Profiles

Johanna Mesch

Johanna Mesch

Universitetslektor

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Arbetar vid Institutionen för lingvistik
E-post johanna.mesch@ling.su.se
Besöksadress Universitetsvägen 10 C, plan 2-3
Rum C 351
Postadress Institutionen för lingvistik 106 91 Stockholm

Om mig

Docent, ämnesföreträdare för Avdelningen för teckenspråk vid Institutionen för lingvistik, Stockholms universitet

Presentation på teckenspråk
Presentation på svenskt teckenspråk

Undervisning

 
VT 2018:
  • LIT130/LIT132 Teckenspråk I, Analys av teckenspråkstexter I, 7,5 hp
  • LITFL2 Fortbildningskurs i teckenspråk för lärare, 30 hp (kursansvarig)
  • Handledning av uppsatser
HT 2017:
  • LIT130/LIT135 Teckenspråk I, Dövas språk, kultur och historia, 7,5 hp
  • LITU10/LITN12/LITN02, Teckenspråk i teori och praktik I, Dövas kultur och historia, 5 hp
  • TTA435 Teckenspråkstolkning, Taktilt teckenspråk, 5 hp
  • LIT342 Teckenspråk-kandidatkurs, Teckenspråksteori II, 7,5 hp
  • LITFL2 Fortbildningskurs i teckenspråk för lärare, 30 hp (kursansvarig)
Här är ett exempel på min föreläsning om teckenspråkets historia.
 

Forskning

Min expertis inom taktil teckenspråkskommunikation har varit efterfrågad i flera år, efter min doktorsavhandling Teckenspråk i taktil form – turtagning och frågor i dövblindas samtal på teckenspråk (1998). Jag har haft ett övergripande ansvar för ett treårigt projekt Korpus för det svenska teckenspråket under åren 2009-2011, finansierat av Riksbankens Jubileumsfond. Nu är jag involverad i ett treårigt TATE-projekt Från tal till tecken - att lära sig Svenskt teckenspråk som andraspråk under åren 2017-2019, tillsammans med Krister Schönström. Jag är också involverad i det nationella Swe-Clarin-projektet, tillsammans med Mats Wirén på datorlingvistik.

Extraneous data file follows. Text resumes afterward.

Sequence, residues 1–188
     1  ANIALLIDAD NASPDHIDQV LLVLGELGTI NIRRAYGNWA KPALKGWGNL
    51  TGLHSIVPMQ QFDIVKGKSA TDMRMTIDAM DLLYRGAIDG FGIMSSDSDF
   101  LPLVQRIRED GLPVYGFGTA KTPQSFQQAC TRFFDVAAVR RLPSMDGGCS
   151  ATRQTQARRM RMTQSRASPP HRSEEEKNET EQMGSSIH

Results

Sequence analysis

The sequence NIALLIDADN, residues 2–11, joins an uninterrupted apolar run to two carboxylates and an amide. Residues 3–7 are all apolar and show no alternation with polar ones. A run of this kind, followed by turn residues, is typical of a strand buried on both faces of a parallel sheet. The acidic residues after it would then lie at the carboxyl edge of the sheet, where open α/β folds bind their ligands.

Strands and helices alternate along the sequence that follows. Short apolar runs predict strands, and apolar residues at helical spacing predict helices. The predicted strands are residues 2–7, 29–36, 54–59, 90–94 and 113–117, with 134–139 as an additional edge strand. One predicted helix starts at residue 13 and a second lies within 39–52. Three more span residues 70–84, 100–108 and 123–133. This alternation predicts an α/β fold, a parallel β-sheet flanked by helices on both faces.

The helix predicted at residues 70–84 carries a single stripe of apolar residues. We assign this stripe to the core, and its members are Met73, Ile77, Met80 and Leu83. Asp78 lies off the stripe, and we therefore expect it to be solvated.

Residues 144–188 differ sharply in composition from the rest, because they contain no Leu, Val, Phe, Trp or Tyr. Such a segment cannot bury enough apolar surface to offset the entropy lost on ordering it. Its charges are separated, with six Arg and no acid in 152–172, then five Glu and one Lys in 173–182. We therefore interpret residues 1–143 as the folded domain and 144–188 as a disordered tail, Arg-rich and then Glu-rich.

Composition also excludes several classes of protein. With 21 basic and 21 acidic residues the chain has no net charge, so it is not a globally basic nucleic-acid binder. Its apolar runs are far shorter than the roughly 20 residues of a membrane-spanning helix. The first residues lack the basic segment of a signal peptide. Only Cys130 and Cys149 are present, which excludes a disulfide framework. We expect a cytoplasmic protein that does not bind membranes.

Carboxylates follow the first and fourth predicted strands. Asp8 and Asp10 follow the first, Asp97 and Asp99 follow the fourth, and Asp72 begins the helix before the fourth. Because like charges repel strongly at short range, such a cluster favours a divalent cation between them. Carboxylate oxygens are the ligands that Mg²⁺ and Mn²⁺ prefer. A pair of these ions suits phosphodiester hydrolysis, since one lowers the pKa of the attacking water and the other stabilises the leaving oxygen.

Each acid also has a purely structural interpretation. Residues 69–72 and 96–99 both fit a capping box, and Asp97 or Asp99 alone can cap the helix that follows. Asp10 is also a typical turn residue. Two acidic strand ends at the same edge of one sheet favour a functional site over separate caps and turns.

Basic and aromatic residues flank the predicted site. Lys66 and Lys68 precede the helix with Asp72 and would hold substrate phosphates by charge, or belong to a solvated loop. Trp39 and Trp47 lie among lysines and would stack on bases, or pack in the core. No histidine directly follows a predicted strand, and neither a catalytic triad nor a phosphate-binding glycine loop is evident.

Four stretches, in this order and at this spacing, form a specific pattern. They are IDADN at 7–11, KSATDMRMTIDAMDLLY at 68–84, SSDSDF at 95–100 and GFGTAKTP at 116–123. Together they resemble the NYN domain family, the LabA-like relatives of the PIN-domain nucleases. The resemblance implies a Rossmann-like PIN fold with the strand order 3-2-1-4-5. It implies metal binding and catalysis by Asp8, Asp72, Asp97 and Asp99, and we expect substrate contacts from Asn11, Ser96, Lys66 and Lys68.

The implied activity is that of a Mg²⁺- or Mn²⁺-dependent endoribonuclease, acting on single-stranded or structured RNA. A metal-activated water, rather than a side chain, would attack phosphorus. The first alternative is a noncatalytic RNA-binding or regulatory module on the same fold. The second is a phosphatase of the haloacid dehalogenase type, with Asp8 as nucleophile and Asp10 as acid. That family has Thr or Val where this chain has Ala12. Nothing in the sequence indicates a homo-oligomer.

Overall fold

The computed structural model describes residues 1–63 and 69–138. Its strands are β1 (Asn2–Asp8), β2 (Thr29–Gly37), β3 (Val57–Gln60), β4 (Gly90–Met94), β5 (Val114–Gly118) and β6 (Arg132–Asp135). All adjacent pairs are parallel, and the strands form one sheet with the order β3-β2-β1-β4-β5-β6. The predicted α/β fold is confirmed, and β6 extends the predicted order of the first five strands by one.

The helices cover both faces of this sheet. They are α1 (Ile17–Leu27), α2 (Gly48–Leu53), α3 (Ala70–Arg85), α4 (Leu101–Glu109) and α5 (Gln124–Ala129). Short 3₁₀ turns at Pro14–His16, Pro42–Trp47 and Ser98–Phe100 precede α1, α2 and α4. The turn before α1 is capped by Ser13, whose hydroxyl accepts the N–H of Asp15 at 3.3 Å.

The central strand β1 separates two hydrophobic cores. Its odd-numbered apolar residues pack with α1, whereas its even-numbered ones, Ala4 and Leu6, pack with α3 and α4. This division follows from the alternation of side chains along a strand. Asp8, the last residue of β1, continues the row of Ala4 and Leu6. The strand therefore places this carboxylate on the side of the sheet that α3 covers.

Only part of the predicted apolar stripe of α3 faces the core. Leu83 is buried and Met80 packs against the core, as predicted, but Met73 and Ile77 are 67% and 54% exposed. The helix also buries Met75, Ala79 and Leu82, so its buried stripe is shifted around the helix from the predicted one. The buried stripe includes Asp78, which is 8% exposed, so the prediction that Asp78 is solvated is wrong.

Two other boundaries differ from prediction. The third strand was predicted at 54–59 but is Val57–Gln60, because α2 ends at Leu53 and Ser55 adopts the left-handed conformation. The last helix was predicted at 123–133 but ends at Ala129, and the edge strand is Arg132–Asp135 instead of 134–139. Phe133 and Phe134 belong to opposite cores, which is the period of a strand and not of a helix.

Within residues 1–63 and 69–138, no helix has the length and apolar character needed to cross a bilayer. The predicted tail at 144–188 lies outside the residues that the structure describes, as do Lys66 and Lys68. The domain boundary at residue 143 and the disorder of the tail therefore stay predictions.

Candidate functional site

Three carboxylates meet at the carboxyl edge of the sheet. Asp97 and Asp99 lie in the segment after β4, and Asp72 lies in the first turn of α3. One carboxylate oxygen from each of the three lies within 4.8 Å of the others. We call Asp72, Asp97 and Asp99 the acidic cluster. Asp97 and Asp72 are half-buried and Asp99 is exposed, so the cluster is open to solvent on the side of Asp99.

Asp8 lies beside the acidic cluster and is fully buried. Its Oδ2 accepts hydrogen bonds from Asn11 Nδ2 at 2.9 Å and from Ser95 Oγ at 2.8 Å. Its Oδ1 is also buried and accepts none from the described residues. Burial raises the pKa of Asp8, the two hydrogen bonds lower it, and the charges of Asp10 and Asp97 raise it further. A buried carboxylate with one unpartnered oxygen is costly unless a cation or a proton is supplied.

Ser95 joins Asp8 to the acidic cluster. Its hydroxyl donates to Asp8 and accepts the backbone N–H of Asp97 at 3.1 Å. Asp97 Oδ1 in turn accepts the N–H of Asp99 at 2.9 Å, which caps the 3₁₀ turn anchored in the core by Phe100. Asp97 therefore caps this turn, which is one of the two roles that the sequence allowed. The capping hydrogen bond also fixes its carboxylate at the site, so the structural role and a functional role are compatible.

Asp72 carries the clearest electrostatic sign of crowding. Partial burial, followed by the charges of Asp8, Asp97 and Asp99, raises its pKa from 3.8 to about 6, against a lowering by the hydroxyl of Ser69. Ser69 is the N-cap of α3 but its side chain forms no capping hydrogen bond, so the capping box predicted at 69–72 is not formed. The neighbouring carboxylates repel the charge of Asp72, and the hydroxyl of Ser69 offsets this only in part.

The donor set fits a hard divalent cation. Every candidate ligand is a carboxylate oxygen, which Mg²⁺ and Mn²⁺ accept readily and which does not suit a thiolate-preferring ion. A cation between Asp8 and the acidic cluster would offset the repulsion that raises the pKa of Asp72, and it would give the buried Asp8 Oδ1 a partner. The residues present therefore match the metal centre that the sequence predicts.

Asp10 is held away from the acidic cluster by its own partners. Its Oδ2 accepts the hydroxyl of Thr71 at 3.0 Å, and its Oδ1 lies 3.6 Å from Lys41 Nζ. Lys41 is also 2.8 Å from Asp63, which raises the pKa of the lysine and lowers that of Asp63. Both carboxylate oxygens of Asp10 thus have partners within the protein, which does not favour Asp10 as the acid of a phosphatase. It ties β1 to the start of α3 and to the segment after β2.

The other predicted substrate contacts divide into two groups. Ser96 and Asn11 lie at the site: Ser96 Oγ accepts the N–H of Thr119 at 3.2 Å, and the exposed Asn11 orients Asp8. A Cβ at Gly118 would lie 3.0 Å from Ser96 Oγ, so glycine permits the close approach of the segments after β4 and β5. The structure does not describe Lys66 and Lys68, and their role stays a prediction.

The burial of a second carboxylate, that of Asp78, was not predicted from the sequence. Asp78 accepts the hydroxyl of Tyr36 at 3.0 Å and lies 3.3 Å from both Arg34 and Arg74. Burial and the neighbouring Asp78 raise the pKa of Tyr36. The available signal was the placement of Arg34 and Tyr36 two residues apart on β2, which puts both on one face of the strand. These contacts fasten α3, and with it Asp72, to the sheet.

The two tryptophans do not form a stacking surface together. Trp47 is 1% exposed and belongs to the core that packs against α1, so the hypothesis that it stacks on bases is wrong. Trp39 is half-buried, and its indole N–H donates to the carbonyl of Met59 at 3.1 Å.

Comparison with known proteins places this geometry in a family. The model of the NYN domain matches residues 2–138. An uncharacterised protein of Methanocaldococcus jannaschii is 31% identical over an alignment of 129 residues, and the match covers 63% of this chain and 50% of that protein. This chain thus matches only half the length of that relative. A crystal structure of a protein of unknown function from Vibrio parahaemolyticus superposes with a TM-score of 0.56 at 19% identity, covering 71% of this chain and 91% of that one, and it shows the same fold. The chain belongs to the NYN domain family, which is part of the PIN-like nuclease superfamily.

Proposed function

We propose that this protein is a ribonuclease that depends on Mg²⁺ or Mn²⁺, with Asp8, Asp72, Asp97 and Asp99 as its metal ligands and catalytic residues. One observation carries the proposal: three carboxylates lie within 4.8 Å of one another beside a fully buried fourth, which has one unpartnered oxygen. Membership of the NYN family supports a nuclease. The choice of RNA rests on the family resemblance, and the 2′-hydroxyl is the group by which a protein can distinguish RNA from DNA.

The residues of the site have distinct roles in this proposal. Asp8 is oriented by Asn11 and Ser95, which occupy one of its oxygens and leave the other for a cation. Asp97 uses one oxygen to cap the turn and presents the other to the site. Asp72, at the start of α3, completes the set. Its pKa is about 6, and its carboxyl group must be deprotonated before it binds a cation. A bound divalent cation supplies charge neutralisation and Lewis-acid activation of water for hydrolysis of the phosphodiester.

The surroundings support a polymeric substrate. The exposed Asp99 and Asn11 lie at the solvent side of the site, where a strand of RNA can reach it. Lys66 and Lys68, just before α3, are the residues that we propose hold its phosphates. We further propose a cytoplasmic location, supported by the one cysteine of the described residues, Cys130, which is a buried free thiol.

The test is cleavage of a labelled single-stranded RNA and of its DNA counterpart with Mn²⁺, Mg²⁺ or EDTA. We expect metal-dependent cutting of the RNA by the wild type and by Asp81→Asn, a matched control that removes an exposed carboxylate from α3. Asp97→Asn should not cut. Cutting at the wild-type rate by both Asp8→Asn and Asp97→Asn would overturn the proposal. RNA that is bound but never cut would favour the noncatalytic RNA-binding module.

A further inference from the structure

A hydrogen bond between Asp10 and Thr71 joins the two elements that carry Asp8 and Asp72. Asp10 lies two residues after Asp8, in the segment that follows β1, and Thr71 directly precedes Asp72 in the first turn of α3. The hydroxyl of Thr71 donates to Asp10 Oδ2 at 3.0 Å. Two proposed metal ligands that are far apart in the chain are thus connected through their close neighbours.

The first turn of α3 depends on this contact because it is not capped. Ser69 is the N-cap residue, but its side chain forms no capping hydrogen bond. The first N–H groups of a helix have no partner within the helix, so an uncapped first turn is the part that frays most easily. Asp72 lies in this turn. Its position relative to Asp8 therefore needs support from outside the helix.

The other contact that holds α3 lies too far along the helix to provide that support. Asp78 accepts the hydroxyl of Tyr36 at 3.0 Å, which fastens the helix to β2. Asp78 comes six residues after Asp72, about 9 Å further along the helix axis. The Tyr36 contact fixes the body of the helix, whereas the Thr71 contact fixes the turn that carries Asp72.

Aktuella forskningsprojekt:

Publikationer

I urval från Stockholms universitets publikationsdatabas
  • 2018. Becky Clark, Johanna Mesch. Sport in Society 21 (1), 64-75

    Although the significance of gender and disability issues has graduallyincreased in the global society during the past three decades,there are only few studies with regard to the deaf community andsport. This article examines the level of Deaf or Hard-of-Hearingwomen’s participation in sports and the factors for their continuedunderrepresentation. The WomenSport International’s Task Force onDeaf and Hard of Hearing Girls and Women in Sport conducted aworld-wide survey to determine and assess the needs of deaf andhard of hearing girls and women in sport. A snapshot of the resultsand issues and future aspirations are provided.

  • Artikel Signed renga
    2017. Johanna Mesch, Michiko Kaneko. African Studies 76 (3), 381-401

    South African Sign Language (SASL) poetry is still exploring many forms of poetry genres. This article describes the recent development of a new ‘genre’ in sign language poetry: signed renga (group poetry). The article will outline the form – what it is, how it has developed and spread, and why it is an apparently successful poetic genre. A sketch of a workshop from Signing Hands Across the Water 2 (SHAW 2) will also be provided to illustrate how renga emerges out of group work. First we will briefly explain common features of signed renga, drawing on a body of signed renga in British, Irish and Swedish Sign Languages. The second half of the article is an in-depth analysis of one signed renga, titled South Africa, which emerged from the SHAW 2 festival, with a focus on transitions as collaborative performance using shared signing space and eye gaze direction